Retina iPad Mini

Apple originally introduced the 7.9″-screened iPad mini in 2012 as a direct challenger to numerous 7″ tablets from rival manufacturers, describing it as “every inch an iPad” with an uncompromised ability to run full-sized iPad apps. Today, Apple sells three different iPad mini models, all almost identical from the outside. Each model is sold in basic Wi-Fi-only and premium Wi-Fi + Cellular versions.

The original iPad mini ($249 to $379 from the Apple Store) is offered solely in a 16GB capacity and is the only model with a 1024×768 screen. It has an Apple A5 processor inside and is virtually identical in performance to a fifth-generation iPod touch and the since-discontinued iPad 2. However, the very nice 7.9″ screen size and a 7.2mm thickness make it a much better compromise for kids; the storage capacity is, however, extremely limited.

Debuted in late 2013, Apple’s iPad mini 2 ($299 to $479 from the Apple Store) was originally called the iPad mini with Retina display. It is offered in 16GB or 32GB capacities and has a 2048×1536 display with four times the resolution of the original model. The A7 processor inside is virtually identical in performance to the first iPad Air, and the wireless performance has been improved for both Wi-Fi and LTE cellular. Except for adding a second microphone for echo-cancellation, it looks the same on the outside as its predecessor.

Released in October 2014, the iPad mini 3 ($399 to $729 from the Apple Store) is virtually identical to the iPad mini 2. Apart from adding a Touch ID fingerprint sensor to the Home button and adding a gold color option to the prior silver and space gray versions, the iPad mini 3 is internally unchanged from the iPad mini 2, with the same screen, A7 processor, wireless performance, and battery life. It is sold in 16GB, 64GB, or 128GB capacities.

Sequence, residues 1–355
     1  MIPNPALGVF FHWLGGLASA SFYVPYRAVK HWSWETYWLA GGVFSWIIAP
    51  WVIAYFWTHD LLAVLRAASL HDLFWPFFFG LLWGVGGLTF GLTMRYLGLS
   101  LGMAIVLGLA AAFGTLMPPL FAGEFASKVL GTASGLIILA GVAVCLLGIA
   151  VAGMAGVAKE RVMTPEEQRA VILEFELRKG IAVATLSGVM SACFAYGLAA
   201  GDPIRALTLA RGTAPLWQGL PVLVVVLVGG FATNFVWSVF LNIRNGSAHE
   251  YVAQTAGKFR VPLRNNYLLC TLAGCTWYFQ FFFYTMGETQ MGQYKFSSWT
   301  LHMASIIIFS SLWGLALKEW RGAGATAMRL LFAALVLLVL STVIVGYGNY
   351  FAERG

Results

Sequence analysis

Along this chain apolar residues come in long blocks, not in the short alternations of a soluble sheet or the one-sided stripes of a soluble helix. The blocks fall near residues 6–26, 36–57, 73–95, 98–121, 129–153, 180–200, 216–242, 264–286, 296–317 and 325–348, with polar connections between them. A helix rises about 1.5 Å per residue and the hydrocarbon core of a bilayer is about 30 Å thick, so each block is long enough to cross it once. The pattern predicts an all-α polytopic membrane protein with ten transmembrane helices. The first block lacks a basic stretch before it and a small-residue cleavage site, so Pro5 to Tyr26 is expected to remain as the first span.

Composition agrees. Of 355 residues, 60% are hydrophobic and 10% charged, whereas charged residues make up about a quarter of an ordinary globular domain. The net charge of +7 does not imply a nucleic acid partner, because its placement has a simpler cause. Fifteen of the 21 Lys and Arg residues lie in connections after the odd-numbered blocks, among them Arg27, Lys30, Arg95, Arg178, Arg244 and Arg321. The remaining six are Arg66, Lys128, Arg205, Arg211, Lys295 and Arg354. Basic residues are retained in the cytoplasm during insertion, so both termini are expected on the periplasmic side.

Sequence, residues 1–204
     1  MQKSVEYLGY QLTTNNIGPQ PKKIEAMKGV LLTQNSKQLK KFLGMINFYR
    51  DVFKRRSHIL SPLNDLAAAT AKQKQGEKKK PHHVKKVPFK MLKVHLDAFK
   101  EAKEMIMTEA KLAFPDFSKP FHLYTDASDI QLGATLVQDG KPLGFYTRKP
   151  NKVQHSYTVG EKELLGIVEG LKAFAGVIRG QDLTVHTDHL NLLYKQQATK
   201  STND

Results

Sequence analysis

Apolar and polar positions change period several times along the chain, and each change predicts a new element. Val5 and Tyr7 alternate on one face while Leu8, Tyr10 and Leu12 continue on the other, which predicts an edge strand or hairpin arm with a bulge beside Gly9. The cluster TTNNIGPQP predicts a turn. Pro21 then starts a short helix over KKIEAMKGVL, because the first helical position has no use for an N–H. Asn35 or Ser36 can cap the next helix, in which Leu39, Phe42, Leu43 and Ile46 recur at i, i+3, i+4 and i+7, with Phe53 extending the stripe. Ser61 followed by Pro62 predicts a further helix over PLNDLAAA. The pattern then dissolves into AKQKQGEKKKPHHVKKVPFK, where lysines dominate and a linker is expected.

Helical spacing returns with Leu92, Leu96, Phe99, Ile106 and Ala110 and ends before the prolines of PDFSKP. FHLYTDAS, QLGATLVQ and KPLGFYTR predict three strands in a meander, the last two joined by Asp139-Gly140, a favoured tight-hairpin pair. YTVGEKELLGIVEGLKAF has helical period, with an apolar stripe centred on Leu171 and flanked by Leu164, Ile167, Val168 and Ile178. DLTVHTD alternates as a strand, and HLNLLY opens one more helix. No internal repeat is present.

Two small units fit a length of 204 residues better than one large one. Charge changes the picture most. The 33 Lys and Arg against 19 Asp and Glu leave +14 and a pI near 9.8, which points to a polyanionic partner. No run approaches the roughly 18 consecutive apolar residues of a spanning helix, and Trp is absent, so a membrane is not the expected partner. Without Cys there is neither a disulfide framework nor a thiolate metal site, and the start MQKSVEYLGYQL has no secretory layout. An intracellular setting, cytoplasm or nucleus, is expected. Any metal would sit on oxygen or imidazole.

The iPad mini 2 and 3 have 326PPI screens, which is the same as the iPhone 4, 4S, 5, 5c, 5s, and 6, a major improvement over the non-Retina display on the previous model. You can choose the version that fits your needs; we find any mini to be a great pick for kids, with the mini 2 offering a great “sweet spot” of performance and pricing; the mini 3 is a better option if you need more storage capacity.

Read our full coverage for details.

All Retina iPad Mini Generations

Release Date Age
October 16, 2014 9 months, 16 days ago

Retina iPad Mini ▪ July 1

Back when white earbuds dominated the market, Beats by Dre proved that mainstream customers were willing to pay $300 for large wired headphones and nearly $400 for wireless versions — even plasticky, overly bassy ones. The subsequent shift towards big headphones nearly killed makers of premium in-ear models, leading many audio companies to mimic Beats’ formula. But there were holdouts: iconic audio companies including Bowers & Wilkins refused to compromise their materials or change their sonic signatures to match Beats. Instead, B&W offered premium-priced headphones made from premium-quality materials, and let customers pick between plastic Beats or metal and leather alternatives.

Today, Bowers & Wilkins is debuting P5 Wireless ($400), a Bluetooth version of last year’s luxurious P5 Series 2 (and the since-discontinued original P5). Mixing chrome, brushed aluminum, and ultra-soft sheep’s leather, P5 Wireless is virtually indistinguishable from P5 Series 2 apart from its ability to operate with or without a 3.5mm audio cable. Classy in ways that even the top-of-line Beats Pro can’t match, P5 Wireless is the first Bluetooth headphone I would recommend to fans of classic premium audio gear…

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Retina iPad Mini ▪ June 13